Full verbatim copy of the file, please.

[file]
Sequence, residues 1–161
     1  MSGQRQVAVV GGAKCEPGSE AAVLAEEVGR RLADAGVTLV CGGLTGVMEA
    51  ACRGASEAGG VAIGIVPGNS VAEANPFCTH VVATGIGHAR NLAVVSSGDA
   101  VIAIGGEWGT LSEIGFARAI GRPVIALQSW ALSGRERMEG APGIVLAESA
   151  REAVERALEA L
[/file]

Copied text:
Sequence, residues 1–161
     1  MSGQRQVAVV GGAKCEPGSE AAVLAEEVGR RLADAGVTLV CGGLTGVMEA
    51  ACRGASEAGG VAIGIVPGNS VAEANPFCTH VVATGIGHAR NLAVVSSGDA
   101  VIAIGGEWGT LSEIGFARAI GRPVIALQSW ALSGRERMEG APGIVLAESA
   151  REAVERALEA L